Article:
In the second imaging experiment, we add object complexities into consideration by imaging a fluorescently labeled biological sample (Figs. 3(e)-3(i)). Compared to the usage of engineered DNA origami structures, we have little knowledge of the true object that represents a biological sample, and therefore we established a different approach to evaluate the quality of restoration. We first image the sample with a 0.5NA objective using our method, and then switch to a 1.4NA objective to image the sample again under conventional widefield illumination. Such an experiment design allows us to evaluate the 0.5NA restoration by comparing it with the 1.4NA widefield image. If the 0.5NA restoration resolves structural details comparable to the 1.4NA widefield image, we can conclude that our approach achieves more than two-fold resolution improvement, without having complete knowledge of the true object.

For both imaging experiments, the scanning step sizes are approximately equal to their effective camera pixel sizes (i.e., the physical camera pixel size divided by the magnification of the imaging system). For imaging the 70nm resolution test sample, this size is ~103nm. For imaging the biological sample using a 0.5NA objective, this size is ~325nm.

4.1 Imaging the 70nm resolution test sample

In the first imaging experiment, we stepped the focused illumination spot to cover a square area on the resolution test sample, applied NNLS inversions to individual acquired images, and summed up individual restorations to obtain the final restoration. Figure 3(a) shows the effective widefield image, derived by integrating all the acquired images. In the restoration (Figs. 3(b) and 3(c)), we can see many of the fluorescent marker pairs are clearly resolved, while they are visually indistinguishable in the widefield image (Figs. 3(a) and 3(c)). In Fig. 3(d), we measure the restored intensity profiles for six fluorescent marker pairs, and we can see that our method clearly resolves the expected two-peak profiles. Nevertheless, we note that that the measured peak-to-peak distances have an average of ~60nm and a standard deviation of ~7nm. The discrepancy between the average peak-to-peak distance and the 70nm molecular design of the sample may come from the orientations of the fluorescent markers with respect to the DNA origami, as the size of fluorescent molecules (Alexa Fluor 488) is at a ~10nm scale, and each fluorescent marker has ~13 fluorescent molecules according to the manufacturer. Slight mismatch between the PSF of the physical imaging system and the simulated PSF dictionary may also cause systematic errors that contribute to this discrepancy.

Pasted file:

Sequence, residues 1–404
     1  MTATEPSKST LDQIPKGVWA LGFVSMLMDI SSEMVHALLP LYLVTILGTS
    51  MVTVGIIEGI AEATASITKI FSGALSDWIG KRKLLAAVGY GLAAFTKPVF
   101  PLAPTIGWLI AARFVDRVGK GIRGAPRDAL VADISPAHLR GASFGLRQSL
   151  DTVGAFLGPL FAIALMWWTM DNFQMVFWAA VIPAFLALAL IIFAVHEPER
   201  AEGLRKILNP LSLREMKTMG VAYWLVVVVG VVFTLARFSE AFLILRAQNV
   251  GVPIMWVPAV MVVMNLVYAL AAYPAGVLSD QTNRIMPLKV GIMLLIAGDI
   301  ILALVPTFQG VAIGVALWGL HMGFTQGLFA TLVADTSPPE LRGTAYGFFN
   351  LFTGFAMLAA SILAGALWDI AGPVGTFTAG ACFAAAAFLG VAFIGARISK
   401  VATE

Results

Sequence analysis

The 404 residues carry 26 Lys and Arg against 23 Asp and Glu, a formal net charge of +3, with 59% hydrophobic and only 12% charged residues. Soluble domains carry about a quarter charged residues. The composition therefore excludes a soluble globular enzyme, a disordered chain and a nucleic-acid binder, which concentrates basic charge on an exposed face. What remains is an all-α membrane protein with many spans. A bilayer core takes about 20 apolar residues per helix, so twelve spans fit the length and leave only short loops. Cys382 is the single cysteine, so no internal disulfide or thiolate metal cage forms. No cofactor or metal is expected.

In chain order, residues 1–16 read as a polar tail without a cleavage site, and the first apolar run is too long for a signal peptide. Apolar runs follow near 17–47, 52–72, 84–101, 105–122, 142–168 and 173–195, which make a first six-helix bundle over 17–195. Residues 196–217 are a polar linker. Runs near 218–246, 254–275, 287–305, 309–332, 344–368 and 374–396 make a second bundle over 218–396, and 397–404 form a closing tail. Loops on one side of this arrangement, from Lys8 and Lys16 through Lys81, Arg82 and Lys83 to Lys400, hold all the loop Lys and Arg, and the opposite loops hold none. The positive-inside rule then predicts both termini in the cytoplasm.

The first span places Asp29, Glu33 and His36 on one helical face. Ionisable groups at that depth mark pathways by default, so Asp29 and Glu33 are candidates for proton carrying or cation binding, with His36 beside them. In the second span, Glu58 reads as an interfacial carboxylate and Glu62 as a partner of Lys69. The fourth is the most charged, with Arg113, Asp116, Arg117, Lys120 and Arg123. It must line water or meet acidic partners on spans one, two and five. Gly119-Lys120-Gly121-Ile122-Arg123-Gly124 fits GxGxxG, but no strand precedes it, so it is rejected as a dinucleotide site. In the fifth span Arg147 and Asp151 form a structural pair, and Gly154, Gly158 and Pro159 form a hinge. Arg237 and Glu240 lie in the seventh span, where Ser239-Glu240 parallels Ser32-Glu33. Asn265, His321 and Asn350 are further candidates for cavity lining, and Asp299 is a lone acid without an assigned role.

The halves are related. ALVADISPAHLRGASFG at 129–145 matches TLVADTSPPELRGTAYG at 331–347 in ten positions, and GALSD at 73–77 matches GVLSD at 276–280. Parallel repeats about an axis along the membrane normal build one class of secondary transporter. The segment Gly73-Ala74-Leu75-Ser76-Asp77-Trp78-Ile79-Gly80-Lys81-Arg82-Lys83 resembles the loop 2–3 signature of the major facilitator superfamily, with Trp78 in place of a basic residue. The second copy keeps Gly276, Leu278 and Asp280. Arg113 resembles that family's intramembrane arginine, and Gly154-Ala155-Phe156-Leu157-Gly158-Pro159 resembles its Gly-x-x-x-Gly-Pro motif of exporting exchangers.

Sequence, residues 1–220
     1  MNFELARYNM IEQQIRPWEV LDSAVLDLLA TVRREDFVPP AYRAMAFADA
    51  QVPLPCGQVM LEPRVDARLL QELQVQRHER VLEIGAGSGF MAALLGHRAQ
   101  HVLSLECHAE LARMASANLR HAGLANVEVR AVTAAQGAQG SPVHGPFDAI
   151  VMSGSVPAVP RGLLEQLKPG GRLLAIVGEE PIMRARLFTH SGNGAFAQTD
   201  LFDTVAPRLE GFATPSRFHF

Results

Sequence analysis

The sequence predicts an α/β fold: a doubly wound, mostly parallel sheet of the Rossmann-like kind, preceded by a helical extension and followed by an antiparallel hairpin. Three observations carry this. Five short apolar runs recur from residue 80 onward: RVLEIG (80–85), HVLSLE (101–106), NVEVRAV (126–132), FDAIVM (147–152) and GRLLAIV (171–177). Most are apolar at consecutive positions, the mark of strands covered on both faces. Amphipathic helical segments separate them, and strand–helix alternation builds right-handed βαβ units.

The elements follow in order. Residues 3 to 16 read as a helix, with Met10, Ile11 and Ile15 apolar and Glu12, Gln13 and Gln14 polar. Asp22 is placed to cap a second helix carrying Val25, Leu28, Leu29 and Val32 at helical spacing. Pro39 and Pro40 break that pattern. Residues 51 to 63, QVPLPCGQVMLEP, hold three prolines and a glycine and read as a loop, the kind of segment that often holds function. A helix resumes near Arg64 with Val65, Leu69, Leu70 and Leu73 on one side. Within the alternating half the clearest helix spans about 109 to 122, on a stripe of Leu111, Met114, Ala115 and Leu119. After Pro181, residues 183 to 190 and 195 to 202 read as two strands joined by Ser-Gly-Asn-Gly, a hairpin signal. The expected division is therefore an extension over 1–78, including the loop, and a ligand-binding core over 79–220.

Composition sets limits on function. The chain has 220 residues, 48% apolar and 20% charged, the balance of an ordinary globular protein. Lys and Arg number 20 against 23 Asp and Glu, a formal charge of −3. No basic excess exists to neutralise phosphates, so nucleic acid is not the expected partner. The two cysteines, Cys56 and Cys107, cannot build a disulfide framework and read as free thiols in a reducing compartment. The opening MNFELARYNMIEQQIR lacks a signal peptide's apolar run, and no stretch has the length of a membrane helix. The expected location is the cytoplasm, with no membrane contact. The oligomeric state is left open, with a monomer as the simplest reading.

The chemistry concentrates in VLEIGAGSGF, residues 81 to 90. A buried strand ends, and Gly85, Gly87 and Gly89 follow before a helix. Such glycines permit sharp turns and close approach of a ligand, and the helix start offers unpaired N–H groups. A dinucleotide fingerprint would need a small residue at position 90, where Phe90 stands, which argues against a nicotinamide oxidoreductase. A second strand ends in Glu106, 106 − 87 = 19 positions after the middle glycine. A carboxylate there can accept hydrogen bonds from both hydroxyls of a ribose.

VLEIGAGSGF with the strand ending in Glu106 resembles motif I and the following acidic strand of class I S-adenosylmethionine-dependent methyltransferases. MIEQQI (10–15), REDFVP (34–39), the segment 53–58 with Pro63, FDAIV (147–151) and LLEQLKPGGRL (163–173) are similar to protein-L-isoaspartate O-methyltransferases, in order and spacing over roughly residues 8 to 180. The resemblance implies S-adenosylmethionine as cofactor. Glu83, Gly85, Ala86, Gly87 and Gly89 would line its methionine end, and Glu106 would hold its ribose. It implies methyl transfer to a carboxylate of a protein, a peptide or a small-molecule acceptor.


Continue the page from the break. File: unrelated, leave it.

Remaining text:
4.2 Low NA-high NA comparison

In the second imaging experiment, we imaged mitochondria in a fixed cell labeled with Red CMXRos, whose emission wavelength is ~600nm. Typical mitochondrial compartments are at sub-µm scales [17], and therefore the effective widefield 0.5NA image (Fig. 3(e)), derived from summing up all the acquired images, hardly resolves such structures. In contrast, the 0.5NA restoration (Fig. 3(f)) shows these compartments clearly, and the resolved sub-µm structures are highly consistent with the 1.4NA widefield image (Fig. 3(g)). We can also compare these results in the frequency domain by applying the two-dimensional discrete Fourier transform (2D DFT). In Fig. 3(h), the 0.5NA restoration indeed shows similar strengths as the 1.4NA widefield image at frequencies higher than the theoretical cutoff frequency of the 0.5NA objective at a ~600nm wavelength. While the 0.5NA restoration and the 1.4NA widefield image show certain differences in a few detailed structures, without complete knowledge of the true object, it is difficult to determine whether this is because the 0.5NA restoration resolves even finer structures, or if those differences are actually computational artifacts. Interestingly, near the bottom-right corner of the 1.4NA widefield image is a triangular shape structure that appears blurry because it is outside of the shallow depth of field of the 1.4NA objective. Since the 0.5NA objective has a much longer depth of field, the 0.5NA restoration is able to resolve this structure clearly.

Appendices C, D and F provide further details for the imaging system, the NNLS algorithm, the test samples, and imaging experiment parameters.

5. Examining signal-resolution relation under low-light conditions

From simulation results presented in Figs. 1 and 2, we have seen that the restoration resolution and quality are highly dependent on detected photon numbers, and we expect that similar relations also exist for complex biological samples. In fact, the resolution enhancement could even be arbitrarily high given an unlimited number of photons [4,5]. However, because of photobleaching [18,19], photon budgets in fluorescence microscopy are generally limited. To ensure the feasibility of our method in fluorescence microscopy, we further examine the resolution enhancement under the circumstances where the photon budgets are very limited. In Appendix E, we estimate that the maximum photon counts in an effective widefield image acquired by our microscope, nMPC, can be as high as 3.2 × 105 before significant photobleaching occurs.